Objective: Autoimmune retinopathy (AIR) is an ophthalmic disorder in which autoantibodies damage the retina and its components, causing progressive vision loss. AIR has no established treatment, but systemic immunosuppression has shown favorable responses. Rituximab is an immunosuppressive agent which binds specifically to B lymphocytes. The objective of this study is to investigate the safety of rituximab as an effective treatment for AIR. Study Population: Five participants with AIR and visual acuity of 20/200 or better in at least one eye will receive rituximab. AIR must be confirmed by immunohistochemical demonstration of serum anti-retinal antibodies on normal, unfixed, frozen rhesus monkey or human retinas, as well as visual field and electroretinography (ERG) changes. Up to seven participants may be enrolled in order to obtain the five participants to be included in the analysis if participants withdraw prior to receiving rituximab. Design: The study duration is 18 months. Rituximab is administered as a cycle consisting of two separate rituximab infusions of 1,000 mg each, two weeks apart. Participants will receive their first rituximab cycle at baseline and evaluated for a second cycle six months later. Treatment success is defined as experiencing a ≥ 25% improvement in ERG response amplitudes or ≥ 3 decibel (dB) improvement in mean deviation on Humphrey Field Analyzer HFA (30-2) or improvement in threshold values > 0.5 log in the existing scotomas on Goldmann Visual Field (GVF) or ≥ 25% improvement in the area of scotomas on GVF assessment as compared with baseline. As a result, participants could receive a maximum of two cycles in this study. Participants will return to the clinic six weeks and three months after their first infusion of each cycle for a safety visit. Study visits will continue every three months for the study duration. Outcome Measures: The primary outcome is the number of participants who meet the definition of treatment success within six months from baseline. Secondary efficacy outcomes include changes in visual acuity, the number of treatment successes at 9 and 12 months, the number of partial responders at 6, 9 and 12 months, changes in ERG or visual field as demonstrated by the HFA (30-2) or GVF, changes in optical coherence tomography (OCT), changes in fluorescein angiography (FA), changes in serum anti-retinal autoantibody or anti-retinal antibody staining, changes in color vision, positive visual symptoms or nyctalopia and changes in the participants quality-of-life as assessed by the NEI visual function questionnaire. For participants with ≥ 2 ERG measurements available prior to enrollment, an attempt will be made to compare the rate of decline pre-study period to the rate of decline post-enrollment period. Safety outcomes include the number and severity of systemic and ocular toxicities, adverse events, and infections and the proportion of participants with a loss of ≥ 15 ETDRS letter score.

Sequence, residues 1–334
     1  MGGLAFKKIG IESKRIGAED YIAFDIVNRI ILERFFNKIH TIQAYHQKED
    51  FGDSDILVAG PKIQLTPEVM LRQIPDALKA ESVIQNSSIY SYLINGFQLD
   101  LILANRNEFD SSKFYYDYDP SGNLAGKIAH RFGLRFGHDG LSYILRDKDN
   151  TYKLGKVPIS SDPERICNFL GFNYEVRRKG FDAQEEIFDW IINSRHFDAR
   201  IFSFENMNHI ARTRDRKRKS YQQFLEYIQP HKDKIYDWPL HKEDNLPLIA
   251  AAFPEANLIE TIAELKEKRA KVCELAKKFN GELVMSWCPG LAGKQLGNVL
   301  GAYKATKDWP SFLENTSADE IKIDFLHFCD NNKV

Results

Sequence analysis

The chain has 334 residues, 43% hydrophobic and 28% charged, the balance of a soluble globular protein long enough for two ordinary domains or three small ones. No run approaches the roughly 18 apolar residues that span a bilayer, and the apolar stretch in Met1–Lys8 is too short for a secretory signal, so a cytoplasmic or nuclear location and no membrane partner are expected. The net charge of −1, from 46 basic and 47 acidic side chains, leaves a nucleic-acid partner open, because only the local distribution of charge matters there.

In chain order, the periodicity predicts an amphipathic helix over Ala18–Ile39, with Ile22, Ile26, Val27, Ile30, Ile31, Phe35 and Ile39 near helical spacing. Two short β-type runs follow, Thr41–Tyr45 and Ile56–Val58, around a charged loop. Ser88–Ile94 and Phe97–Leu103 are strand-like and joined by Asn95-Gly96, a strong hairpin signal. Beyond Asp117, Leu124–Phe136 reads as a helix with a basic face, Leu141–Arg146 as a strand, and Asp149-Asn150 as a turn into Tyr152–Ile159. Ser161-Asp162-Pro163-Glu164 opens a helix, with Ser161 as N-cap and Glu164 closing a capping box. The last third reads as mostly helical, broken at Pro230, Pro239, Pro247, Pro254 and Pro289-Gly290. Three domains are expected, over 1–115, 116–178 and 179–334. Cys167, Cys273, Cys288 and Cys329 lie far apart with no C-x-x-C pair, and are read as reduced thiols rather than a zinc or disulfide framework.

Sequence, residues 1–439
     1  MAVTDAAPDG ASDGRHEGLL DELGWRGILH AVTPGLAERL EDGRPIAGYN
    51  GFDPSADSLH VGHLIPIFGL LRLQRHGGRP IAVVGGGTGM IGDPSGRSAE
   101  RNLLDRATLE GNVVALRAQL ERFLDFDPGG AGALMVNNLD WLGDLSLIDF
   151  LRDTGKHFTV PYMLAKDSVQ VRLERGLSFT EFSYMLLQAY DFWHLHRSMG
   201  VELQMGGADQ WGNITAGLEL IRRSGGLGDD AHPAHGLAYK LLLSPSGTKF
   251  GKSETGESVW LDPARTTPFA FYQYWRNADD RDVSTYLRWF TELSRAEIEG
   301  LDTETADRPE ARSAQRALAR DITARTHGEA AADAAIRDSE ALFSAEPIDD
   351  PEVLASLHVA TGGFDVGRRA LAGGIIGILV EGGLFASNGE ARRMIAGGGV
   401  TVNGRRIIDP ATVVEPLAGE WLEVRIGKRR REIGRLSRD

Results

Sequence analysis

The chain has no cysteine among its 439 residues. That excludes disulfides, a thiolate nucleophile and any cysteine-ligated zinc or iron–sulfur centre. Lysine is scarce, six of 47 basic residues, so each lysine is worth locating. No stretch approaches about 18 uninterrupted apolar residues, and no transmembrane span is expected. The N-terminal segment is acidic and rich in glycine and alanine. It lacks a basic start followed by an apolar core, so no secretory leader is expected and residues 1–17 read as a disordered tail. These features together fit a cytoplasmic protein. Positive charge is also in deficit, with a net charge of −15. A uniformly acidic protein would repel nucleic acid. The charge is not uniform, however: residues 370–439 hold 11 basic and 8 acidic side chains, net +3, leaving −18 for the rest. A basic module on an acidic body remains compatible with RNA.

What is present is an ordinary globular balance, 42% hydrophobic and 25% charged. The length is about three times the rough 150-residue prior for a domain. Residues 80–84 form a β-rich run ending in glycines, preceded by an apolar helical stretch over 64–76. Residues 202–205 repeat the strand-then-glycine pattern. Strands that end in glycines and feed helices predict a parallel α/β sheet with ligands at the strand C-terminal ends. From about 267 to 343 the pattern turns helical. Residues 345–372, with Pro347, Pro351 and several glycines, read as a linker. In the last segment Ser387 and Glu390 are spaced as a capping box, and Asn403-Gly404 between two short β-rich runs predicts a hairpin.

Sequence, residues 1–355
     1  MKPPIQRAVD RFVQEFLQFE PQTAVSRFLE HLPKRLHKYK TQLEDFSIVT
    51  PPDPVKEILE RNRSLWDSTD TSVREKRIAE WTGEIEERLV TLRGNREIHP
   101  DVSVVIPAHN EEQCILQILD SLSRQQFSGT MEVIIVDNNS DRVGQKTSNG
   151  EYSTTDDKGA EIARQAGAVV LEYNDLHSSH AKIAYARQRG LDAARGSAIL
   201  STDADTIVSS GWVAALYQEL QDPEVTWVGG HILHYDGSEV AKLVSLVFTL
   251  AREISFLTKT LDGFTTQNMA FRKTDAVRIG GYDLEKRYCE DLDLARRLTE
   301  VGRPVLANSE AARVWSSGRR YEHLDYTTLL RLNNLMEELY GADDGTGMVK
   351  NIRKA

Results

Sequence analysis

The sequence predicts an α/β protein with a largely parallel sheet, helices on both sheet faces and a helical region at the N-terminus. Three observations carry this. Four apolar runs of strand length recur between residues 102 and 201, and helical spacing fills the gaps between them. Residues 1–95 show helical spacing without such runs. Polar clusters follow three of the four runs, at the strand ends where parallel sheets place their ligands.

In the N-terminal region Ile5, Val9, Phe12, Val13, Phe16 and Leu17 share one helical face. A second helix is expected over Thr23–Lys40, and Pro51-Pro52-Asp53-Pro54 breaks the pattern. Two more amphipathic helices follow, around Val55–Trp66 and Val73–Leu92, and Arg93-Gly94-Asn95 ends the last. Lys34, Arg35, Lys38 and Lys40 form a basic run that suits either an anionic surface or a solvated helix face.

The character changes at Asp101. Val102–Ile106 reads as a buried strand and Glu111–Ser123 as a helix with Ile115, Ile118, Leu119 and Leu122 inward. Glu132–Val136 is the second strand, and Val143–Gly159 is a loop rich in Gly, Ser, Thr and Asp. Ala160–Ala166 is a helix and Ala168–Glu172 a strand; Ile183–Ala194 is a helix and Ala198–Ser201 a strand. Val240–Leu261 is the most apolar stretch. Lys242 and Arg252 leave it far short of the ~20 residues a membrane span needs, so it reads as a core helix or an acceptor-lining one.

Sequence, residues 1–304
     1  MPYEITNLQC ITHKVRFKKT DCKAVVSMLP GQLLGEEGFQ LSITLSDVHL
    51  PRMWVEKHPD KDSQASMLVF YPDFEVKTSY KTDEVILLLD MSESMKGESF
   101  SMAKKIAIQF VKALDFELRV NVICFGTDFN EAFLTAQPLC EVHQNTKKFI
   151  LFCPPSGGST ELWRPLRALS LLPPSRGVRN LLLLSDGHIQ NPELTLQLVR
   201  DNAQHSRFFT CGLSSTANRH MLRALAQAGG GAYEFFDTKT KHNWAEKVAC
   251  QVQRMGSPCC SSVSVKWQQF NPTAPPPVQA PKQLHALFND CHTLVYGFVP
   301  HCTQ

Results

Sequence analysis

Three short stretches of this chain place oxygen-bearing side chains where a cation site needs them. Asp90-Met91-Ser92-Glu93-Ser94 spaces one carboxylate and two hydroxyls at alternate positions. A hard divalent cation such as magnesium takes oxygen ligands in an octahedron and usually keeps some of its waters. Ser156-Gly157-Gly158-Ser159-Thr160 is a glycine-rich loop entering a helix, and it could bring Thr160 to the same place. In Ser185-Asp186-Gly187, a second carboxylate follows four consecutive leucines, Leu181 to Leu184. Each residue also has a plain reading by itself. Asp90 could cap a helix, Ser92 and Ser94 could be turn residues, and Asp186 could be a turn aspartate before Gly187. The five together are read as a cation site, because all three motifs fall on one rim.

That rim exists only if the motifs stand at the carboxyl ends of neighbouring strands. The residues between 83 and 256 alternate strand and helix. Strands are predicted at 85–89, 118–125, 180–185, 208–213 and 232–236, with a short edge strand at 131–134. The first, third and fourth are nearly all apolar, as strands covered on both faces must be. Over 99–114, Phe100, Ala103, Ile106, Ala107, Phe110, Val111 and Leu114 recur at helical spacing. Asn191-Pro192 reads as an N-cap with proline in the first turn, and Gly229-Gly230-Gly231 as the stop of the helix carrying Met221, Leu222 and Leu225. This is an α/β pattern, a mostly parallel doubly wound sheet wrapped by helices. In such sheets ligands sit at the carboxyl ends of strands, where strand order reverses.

National Institute of Health (NIH)
National Eye Institute (NEI)
Investigator-Initiated Intramural Research Projects (ZIA)
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U.S. National Eye Institute
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Grange, Landon; Dalal, Monica; Nussenblatt, Robert B et al. (2014) Autoimmune retinopathy. Am J Ophthalmol 157:266-272.e1
Nussenblatt, Robert B; Lee, Richard W J; Chew, Emily et al. (2014) Immune responses in age-related macular degeneration and a possible long-term therapeutic strategy for prevention. Am J Ophthalmol 158:5-11.e2
Comlekoglu, Didar U; Thompson, Ian A; Sen, H Nida (2013) Autoimmune retinopathy. Curr Opin Ophthalmol 24:598-605